Senator Josh Hawley (R., Mo.) blocked a quick confirmation of Alejandro Mayorkas as Joe Biden’s Department of Homeland Security secretary, citing Mayorkas’s immigration policy stance. Mayorkas is a former Obama administration official considered the architect of the Deferred Action for Childhood Arrivals program, which allowed illegal immigrants brought to the U.S. as children a renewable deportation deferment, without providing a path to citizenship. The confirmation hearings for Mayorkas come as Biden has pledged to undue many of the Trump administration’s restrictions on immigration, although it is unclear how quickly the Biden administration can act on those promises. “Mr. Mayorkas has not adequately explained how he will enforce federal law and secure the southern border given President-elect Biden’s promise to roll back major enforcement and security measures,” Hawley said in a statement. “Given this, I cannot consent to skip the standard vetting process and fast-track this nomination when so many questions remain unanswered.” Biden is reportedly set to propose an immigration-reform bill that would grant roughly eleven million illegal immigrants a path to citizenship over eight years. The bill could also grant citizenship to agricultural workers and illegal immigrants brought to the U.S. as children. However, the proposal is not expected to include Republican-backed border security measures. The looming immigration debates in Congress come as a new migrant caravan continues to travel toward the U.S.-Mexico border. Several thousand people in the caravan clashed with Guatemalan security forces while crossing the border from Honduras on Sunday. “There’s help on the way, but now is not the time to make the journey,” a Biden official said in comments to NBC.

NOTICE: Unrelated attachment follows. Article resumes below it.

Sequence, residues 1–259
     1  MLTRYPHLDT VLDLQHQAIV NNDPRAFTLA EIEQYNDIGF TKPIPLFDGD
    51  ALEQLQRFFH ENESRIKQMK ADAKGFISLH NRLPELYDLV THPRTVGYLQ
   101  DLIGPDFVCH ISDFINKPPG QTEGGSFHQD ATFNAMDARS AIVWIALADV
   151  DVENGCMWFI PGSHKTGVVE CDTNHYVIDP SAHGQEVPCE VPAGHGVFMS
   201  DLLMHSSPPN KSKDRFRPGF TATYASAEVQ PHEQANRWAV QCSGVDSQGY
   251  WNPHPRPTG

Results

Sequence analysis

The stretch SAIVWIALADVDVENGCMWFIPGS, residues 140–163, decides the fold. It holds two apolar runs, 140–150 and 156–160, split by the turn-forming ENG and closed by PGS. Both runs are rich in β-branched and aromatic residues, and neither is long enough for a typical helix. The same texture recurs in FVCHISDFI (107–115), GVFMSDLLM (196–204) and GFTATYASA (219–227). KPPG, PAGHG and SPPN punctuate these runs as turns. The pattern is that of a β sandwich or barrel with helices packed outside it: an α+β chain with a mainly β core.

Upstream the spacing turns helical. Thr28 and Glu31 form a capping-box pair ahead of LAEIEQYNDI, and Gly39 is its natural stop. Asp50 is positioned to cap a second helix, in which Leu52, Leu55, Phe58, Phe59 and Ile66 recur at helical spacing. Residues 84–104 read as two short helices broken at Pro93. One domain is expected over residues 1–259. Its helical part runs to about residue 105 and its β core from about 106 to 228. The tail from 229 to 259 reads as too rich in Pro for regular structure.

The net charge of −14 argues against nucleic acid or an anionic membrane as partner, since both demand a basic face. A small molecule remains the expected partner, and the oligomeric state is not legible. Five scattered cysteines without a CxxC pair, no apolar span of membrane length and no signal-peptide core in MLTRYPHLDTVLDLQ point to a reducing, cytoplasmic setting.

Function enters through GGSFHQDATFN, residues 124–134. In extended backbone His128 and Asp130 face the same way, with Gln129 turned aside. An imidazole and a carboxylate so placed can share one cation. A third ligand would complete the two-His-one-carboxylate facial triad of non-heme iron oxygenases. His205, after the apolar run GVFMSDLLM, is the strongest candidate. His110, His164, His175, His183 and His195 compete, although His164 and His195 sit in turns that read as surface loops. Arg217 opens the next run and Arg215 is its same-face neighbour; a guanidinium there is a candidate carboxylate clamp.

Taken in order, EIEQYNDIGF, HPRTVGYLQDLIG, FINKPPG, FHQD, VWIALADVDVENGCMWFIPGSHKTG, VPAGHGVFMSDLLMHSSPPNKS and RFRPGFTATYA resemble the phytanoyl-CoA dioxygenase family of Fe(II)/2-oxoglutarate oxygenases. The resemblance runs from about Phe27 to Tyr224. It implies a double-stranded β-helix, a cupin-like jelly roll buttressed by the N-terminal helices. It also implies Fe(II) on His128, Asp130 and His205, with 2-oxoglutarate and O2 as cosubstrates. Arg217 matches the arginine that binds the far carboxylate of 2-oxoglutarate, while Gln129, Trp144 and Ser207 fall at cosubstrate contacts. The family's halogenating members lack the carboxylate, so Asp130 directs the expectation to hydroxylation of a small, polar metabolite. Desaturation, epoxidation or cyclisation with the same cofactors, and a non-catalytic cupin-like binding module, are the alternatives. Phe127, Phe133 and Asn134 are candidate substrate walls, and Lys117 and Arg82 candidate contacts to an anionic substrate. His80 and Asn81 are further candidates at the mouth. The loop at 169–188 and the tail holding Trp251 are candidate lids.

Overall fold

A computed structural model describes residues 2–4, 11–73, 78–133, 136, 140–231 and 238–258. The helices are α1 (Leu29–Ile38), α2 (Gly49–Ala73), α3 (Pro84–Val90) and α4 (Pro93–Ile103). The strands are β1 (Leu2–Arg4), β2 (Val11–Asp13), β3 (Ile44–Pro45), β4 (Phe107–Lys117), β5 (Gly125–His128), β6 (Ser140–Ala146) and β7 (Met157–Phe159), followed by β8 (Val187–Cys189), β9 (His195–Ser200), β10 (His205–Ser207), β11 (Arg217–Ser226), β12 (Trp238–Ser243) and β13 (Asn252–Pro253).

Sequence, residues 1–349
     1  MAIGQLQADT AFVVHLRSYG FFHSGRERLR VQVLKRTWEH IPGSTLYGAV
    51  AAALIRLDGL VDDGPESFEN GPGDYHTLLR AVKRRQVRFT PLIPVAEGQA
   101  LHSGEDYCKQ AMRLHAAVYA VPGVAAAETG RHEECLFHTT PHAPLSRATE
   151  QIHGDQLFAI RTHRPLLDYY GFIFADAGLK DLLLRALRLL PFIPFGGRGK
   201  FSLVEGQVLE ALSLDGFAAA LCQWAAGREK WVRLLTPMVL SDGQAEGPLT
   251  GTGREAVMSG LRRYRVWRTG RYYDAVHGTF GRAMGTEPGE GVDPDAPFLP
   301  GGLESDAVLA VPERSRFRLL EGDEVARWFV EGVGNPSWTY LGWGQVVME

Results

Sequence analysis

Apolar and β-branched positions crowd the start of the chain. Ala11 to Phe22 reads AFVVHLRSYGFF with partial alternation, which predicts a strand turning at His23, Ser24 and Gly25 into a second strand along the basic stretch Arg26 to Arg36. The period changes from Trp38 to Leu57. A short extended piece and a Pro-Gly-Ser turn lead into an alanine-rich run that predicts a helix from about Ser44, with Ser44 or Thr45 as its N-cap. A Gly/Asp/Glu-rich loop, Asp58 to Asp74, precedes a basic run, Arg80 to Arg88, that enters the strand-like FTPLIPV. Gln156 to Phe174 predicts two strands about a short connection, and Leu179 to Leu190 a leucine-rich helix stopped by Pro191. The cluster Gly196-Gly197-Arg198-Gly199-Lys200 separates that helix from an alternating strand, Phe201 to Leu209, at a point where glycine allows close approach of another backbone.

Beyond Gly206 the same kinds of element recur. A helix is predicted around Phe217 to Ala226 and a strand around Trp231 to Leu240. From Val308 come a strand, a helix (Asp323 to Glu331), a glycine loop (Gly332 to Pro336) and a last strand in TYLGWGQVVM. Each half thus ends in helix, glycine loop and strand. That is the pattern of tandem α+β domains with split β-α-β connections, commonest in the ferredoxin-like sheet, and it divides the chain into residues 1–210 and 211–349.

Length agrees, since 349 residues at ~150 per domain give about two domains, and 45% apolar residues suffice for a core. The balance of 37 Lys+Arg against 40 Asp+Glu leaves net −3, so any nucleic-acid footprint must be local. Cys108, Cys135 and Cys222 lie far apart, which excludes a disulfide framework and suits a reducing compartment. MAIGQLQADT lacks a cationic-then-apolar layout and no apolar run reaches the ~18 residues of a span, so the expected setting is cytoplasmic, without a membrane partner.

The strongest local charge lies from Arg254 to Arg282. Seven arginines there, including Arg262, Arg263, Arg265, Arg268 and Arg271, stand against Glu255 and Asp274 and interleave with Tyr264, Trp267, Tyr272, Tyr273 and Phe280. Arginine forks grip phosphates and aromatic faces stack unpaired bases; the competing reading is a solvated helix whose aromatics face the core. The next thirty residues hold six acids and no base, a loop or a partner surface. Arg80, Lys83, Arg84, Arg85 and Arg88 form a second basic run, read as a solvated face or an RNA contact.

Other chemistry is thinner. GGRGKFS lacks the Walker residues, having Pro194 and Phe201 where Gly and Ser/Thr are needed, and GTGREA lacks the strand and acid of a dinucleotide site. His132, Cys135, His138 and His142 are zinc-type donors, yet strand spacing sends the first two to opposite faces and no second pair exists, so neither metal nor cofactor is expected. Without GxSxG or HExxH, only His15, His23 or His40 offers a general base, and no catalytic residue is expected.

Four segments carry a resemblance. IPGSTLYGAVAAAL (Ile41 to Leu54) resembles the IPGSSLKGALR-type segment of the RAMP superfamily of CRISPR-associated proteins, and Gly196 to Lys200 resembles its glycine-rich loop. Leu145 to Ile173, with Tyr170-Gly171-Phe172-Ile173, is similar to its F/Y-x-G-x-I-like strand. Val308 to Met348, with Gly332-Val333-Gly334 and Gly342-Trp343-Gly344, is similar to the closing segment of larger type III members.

- The Week
A person's 2020 presidential vote is proving the biggest indicator of whether or not they want a coronavirus vaccine.People who supported President-elect Joe Biden in November are overwhelmingly in favor of getting the COVID-19 vaccine, with 79 percent saying they want it and 4 percent saying they've already gotten it, an NPR/PBS Newshour/Marist poll out Tuesday shows. Meanwhile just 39 percent of voters who backed President Trump say they want the vaccine and a similar 4 percent have already gotten it.Marist asked adults whether they'd get a COVID-19 vaccine if it was made available to them. Support for getting the vaccine was clearly divided along party lines, with 75 percent of Democrats saying they wanted the vaccine but just 43 percent of Republicans saying the same. Democratic men were the most likely of any demographic — race, region, income, education, age, or generation — to want the vaccine, at 85 percent. Meanwhile the smallest percentage of adults who said they wanted the vaccine were Trump voters.Also among groups who had a low percentage of vaccine support were Gen Xers — just 49 percent of Americans age 40-55 want the vaccine, the poll found. Republican women and people who live in small towns were not very likely to want the vaccine, with just 41 and 51 percent saying they would like it, respectively. Trump has so far not publicly said if he has gotten the vaccine, but has underplayed the seriousness of the virus for the past year.Marist surveyed 1,173 American adults from Jan. 11–13 via landline and mobile phone, with a margin of error of 3.5 percentage points.More stories from theweek.com Trump's White House staff and alumni are reportedly using the same excuse to skip his big sendoff 5 more scathing cartoons about Trump's 2nd impeachment Trump tried to act like a mob boss. Instead he's just a thug.